Can have Met-Sulf-Hb in which case sulfur bound to Hb goes from ferrous to ferric state, this will have partial response to meth blue. Sulf-Hb is a biological dead end, no treatment except supportive care.
If from dapsone, give cimetidine 1200 mg/day to decrease metabolism of dapsone which can last in body for weeks
.5 G of SulfHb to get cyanosis
Methemoglobinemia has been linked to the use of nitrates and nitrites, nitroglycerin, dapsone, and local anesthetics, such as lidocaine and benzocaine.2 Both methemoglobinemia and sulfhemoglobinemia have occurred with the use of phenazopyridine and sulfonamides (i.e., TMX/SMX).3 Our patient was using TMX/SMX for chronic urinary tract infections, but the peculiar aspect of this case was the long duration of exposure to the medication. She had taken it for the past 9 months, with clinical manifestations only in the past month.
Clinical presentations of both diseases manifest as cyanosis and shortness of breath. In regard to methemoglobinemia, if the percentage level is under 10% there can be shortness of breath; between 10 and 20%, headache, ataxia, and weakness can occur; from 20% to 40% seizures and arrhythmia can occur; and levels above 70% are incompatible with life.1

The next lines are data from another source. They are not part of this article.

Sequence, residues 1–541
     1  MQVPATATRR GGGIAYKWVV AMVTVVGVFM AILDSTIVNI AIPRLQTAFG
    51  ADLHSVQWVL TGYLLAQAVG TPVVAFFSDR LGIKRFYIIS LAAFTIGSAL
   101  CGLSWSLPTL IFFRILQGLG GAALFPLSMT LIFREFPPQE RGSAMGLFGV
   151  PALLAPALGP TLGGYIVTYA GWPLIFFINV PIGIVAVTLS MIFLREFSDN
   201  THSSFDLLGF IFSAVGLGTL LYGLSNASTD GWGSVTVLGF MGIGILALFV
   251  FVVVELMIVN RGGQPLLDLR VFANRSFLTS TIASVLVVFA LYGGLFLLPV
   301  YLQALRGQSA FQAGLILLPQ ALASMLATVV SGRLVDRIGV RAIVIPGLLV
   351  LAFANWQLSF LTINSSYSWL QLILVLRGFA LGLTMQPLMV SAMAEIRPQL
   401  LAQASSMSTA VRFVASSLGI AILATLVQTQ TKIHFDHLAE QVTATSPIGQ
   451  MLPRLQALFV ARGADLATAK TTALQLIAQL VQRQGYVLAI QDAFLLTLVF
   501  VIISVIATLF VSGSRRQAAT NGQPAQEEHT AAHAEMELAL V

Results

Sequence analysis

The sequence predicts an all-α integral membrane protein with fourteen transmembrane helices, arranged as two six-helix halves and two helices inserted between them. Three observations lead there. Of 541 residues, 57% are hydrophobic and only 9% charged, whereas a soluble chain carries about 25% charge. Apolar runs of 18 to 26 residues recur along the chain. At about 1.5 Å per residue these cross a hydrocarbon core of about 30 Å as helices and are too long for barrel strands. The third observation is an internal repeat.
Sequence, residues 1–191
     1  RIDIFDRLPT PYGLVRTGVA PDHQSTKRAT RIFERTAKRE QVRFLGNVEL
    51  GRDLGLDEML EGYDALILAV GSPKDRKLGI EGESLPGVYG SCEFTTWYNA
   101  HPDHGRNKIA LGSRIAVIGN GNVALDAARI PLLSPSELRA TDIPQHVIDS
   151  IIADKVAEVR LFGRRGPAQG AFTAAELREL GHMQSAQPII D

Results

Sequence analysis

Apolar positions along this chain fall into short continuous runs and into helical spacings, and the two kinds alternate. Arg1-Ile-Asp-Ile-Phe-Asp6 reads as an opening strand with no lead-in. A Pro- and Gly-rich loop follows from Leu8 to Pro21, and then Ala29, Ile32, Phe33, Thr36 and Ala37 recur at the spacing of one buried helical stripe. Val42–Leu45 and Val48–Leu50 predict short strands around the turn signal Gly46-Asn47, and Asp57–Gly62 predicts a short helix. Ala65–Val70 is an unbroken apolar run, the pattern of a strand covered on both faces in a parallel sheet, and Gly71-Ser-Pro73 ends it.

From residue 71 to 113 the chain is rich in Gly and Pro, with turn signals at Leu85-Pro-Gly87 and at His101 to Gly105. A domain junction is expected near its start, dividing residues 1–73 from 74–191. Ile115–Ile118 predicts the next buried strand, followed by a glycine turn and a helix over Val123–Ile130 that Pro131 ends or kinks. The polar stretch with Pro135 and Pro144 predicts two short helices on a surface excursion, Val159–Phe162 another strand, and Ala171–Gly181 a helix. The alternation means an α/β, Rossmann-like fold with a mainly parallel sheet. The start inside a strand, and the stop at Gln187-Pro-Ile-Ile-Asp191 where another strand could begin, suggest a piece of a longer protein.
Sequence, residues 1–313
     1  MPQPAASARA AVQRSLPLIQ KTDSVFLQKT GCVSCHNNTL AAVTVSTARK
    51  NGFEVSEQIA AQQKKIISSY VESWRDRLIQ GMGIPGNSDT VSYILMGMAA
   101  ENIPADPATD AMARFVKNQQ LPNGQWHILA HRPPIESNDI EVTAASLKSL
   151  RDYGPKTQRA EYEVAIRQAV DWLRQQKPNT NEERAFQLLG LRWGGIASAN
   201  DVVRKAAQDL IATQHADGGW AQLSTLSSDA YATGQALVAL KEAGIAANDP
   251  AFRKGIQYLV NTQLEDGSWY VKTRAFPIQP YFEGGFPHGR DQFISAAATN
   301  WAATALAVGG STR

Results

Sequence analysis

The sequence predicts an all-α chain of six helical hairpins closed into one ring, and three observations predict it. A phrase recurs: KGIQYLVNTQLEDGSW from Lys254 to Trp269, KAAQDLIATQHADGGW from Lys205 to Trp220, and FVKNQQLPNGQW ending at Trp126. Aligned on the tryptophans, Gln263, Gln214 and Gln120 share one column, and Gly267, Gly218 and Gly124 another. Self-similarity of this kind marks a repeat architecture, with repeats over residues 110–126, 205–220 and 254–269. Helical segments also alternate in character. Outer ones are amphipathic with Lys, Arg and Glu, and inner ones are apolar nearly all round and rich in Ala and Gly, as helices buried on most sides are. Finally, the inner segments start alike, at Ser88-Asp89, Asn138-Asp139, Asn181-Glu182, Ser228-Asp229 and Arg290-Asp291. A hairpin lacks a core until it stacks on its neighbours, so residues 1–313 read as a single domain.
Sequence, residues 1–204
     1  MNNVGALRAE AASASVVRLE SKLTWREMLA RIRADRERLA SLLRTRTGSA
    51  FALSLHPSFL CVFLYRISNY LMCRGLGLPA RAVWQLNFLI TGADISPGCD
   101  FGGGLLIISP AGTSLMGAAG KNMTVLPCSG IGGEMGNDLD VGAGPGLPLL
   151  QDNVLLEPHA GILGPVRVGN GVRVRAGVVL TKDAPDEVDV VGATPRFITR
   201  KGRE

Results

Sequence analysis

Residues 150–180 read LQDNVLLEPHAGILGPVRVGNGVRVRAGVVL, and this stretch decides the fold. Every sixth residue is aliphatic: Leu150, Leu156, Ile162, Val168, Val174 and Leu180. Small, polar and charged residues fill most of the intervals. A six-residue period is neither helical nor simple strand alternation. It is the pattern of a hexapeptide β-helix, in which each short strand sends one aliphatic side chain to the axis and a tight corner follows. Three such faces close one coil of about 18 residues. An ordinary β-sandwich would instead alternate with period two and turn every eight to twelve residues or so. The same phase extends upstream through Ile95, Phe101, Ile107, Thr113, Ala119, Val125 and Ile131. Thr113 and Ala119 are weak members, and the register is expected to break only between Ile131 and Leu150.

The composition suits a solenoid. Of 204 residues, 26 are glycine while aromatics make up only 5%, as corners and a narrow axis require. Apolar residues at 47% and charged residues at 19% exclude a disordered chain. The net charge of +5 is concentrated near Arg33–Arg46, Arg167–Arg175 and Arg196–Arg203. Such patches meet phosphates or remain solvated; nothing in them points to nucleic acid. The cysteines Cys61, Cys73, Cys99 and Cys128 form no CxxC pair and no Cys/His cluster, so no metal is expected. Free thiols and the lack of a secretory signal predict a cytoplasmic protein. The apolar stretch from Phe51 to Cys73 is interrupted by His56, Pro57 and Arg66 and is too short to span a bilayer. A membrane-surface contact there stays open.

The diagnosis can be suggested by the pulse oximetry level and the ABG, but caution in the evaluation of these measures must be exercised. The pulse oximetry reading is usually low in both disease states and plateaus around 85%; however, in a patient with a significantly elevated sulfhemoglobin level, the pulse oximetry can be falsely elevated.4 In addition, an ABG measures dissolved hemoglobin and not bound hemoglobin, which can falsely elevate the reading.5 Cooximetry is needed to measure the abnormal hemoglobin levels. Most cooximetry machines utilize four different spectral absorbance levels for oxyhemoglobin, deoxyhemoglobin, methemoglobin, and carboxyhemoglobin. However, both methemoglobin and sulfhemoglobin utilize similar absorbance levels (methemoglobin uses 570 and 620 nm, sulfhemoglobin uses 520 and 626 nm), which accounts for an elevated methemoglobin level in a patient with sulfhemoglobinemia.6 If suspicious of sulfhemoglobinemia, cyanide can be added to the sample. Cyanide will bind the methemoglobin and block the interference, thus allowing sulfhemoglobin alone to be recognized by the cooximeter. In addition, newer cooximetry machines can now independently measure a sulfhemoglobin level.